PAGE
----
UK Tourists Win Compensations from TUI over Bulgarian Vacation
From The Daily Mail
Original Title: 138 Tourists who fell ill at Bulgarian resort win compensation from Thomson and First Choice after five-year court battle
More than 130 tourists who were taken seriously ill while on holiday at a hotel in Bulgaria have won a compensation battle with holiday goliath TUI.
The company, which trades in the UK as Thomson and First Choice, dramatically offered the 138 holidaymakers a settlement at the eleventh hour after a five-year battle over their 'holidays from hell'.
Guests at the four-star Riu Miramar hotel in Obzor, Bulgaria, had to wade through mud and silt to get to reception, faced poor food hygiene, and reported seeing frogs hopping around.
TUI UK admitted liability last Friday, shortly before a two-week trial was due to begin at Birmingham County Court yesterday.
The holidaymakers had said that they became ill due to 'appalling' conditions at the hotel in July 2006 after heavy rains flooded the ground floor.
Many were left unable to wash or flush their toilets after the flood, which cut off the hotel's water supply and electricity for extended periods of time.
Those who fell ill said they voiced concerns about safety to TUI reps, but their complaints were ignored.
The guests said that their symptoms, which included stomach cramps, sickness and diarrhoea and lethargy were dismissed by a hotel manager as the result of 'too much sand and sea'.
Some of the holidaymakers, including some children, say they are still suffering from symptoms of their illnesses today.
Levels of compensation for all those affected have yet to be agreed, but judge David Worster passed an interim order for ?300,000 in costs to be paid.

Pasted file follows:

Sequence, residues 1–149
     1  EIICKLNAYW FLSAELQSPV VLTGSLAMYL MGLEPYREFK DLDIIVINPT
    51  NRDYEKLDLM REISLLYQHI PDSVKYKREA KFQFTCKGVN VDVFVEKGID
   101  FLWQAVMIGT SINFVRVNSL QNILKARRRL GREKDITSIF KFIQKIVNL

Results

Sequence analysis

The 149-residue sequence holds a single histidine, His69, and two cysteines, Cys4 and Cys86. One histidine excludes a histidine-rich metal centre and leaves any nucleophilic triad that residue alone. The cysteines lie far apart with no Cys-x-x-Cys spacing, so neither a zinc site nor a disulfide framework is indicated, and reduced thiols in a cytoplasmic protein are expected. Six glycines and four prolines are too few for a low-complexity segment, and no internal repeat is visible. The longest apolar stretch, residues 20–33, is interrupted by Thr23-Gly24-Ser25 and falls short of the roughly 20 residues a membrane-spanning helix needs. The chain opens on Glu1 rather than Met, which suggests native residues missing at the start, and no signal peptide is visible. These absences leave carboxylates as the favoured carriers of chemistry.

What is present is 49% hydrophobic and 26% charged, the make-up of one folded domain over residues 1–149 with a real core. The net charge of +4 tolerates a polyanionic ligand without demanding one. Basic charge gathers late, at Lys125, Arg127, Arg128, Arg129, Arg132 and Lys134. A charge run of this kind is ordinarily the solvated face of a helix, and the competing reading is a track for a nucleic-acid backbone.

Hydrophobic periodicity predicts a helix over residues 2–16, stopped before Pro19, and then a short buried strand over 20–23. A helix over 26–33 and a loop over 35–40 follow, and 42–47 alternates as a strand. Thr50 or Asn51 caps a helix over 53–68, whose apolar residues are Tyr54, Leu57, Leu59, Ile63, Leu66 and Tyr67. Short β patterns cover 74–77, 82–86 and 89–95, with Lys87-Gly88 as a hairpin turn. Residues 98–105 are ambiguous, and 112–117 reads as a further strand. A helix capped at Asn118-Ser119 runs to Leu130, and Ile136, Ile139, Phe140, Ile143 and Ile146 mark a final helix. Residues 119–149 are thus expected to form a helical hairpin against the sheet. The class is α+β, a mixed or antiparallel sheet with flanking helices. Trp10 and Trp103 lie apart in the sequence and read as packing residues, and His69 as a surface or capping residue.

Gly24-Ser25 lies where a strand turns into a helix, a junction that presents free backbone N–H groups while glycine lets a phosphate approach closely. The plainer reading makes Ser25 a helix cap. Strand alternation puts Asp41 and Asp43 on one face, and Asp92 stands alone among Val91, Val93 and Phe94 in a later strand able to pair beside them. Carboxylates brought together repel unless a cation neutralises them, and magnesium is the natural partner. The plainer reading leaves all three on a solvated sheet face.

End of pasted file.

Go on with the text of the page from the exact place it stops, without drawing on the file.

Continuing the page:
Lisa Vel, 39, from South Ockenden, Essex travelled to the Riu Miramar with her family, where both her sons, Jordan, 12 and Louis, 7, fell ill.
Though Ms Vel was moved to another hotel after the flood, she agreed to return to Riu Miramar after being told that it was safe to do so.
However, upon her return she found that there were still a number of problems with the hotel.
She said: 'When we got back to the Riu Miramar there were still frogs jumping around on the floor in reception. There was a strong smell of sewage, furniture lying around reception drying out, the swimming pools were empty and there was no water.'
'We are delighted that Thomson has now admitted liability, but I wish they had done this years ago and taken our complaints more seriously at the time of the holiday.
'Both my little boys were poorly and my oldest son will have to live with his symptoms for the rest of his life and this holiday is one he will remember for all the wrong reasons.
Karen Dyson, 46, a sales manager from Droylesden, Manchester, travelled to the resort in 2006 with her husband Graham, 47, and 17-year-old son Karl.
She said: 'It was a holiday from hell, we were really looking forward to it and the lack of organisation was disgraceful.
'People were on the door warning us not to go on. But the hotel kept telling us nothing was wrong, and then I fell ill with a really bad stomach.
'I couldn't be too far away from a toilet and couldn't go on any excursions, it ruined the holiday. The brochure looked fantastic but it was far from the reality.'
Irwin Mitchell's head of travel law Clive Garner said: 'What our clients experienced at the Riu Miramar hotel in 2006 was simply unacceptable.
'Many of those who became ill have gone on to suffer years of pain and torment, all of which could have been avoided had Thomson, and the management of the hotel, acted reasonably and put their clients safety first.
'It is shameful that the appalling conditions in which so many people fell ill were allowed to manifest and that Thomson then denied responsibility for so many years, instead looking to put every hurdle they could in the way of their own clients getting the justice that they deserve.
'And it is disappointing that these victims have had to practically take their battle for justice to the court steps before Thomson dropped their charade and accepted fault.'